Tuesday, 8 March 2011

Skin Critical Surface Tension

I was thinking today how can skin get more wet? (Actually I just wanted to post a video of someone getting hit by a water balloon). I am not sure yet. However, I found some answers on this thing called the internet. Someone managed to solve it. A. El Khyat et. al (2006) mentioned that the skin critical surface tension (CST), an index of wettability. As you can see from the video below the skin surface is primarily hydrophobic (so not all the water is absorbed to it although the balloon is moving quite fast in slow motion) and paradoxically becomes more wettable through its lipidic component.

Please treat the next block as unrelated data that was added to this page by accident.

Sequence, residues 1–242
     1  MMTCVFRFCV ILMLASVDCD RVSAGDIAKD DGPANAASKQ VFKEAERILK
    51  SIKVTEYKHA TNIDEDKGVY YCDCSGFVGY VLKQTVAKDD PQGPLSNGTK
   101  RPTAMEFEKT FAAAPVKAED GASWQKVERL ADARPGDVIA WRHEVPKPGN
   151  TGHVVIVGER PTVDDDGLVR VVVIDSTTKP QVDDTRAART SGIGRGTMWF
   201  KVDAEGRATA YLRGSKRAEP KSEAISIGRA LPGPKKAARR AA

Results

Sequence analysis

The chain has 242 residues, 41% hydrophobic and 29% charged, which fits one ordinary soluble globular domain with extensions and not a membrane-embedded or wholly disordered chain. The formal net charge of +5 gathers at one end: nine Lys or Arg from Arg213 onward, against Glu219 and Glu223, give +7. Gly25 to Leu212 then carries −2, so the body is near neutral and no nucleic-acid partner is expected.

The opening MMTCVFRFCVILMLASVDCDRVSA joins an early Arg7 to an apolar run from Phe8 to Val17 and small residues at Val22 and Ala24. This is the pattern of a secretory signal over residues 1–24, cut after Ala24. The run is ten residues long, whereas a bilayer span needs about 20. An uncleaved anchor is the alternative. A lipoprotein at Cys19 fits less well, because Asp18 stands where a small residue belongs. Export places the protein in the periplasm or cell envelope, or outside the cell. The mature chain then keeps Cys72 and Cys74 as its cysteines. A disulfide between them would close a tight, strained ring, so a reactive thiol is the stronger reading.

Forehead CST was above 50.7 dyne/cm and by defatting (getting rid of some of the fat) it reduces the skin surface tension. However, by replacing some of the fat (naturally or with cream) your skin becomes more wettable.

Note: The CST was calculated using the Zisman equation, from the contact angle at equilibrium, of droplets of liquids whose surface tension was known. Contact angles were computed from the base and the height of the droplets viewed from their side through an operating microscope provided with a slanted mirror. Both volar forearm and forehead were studied.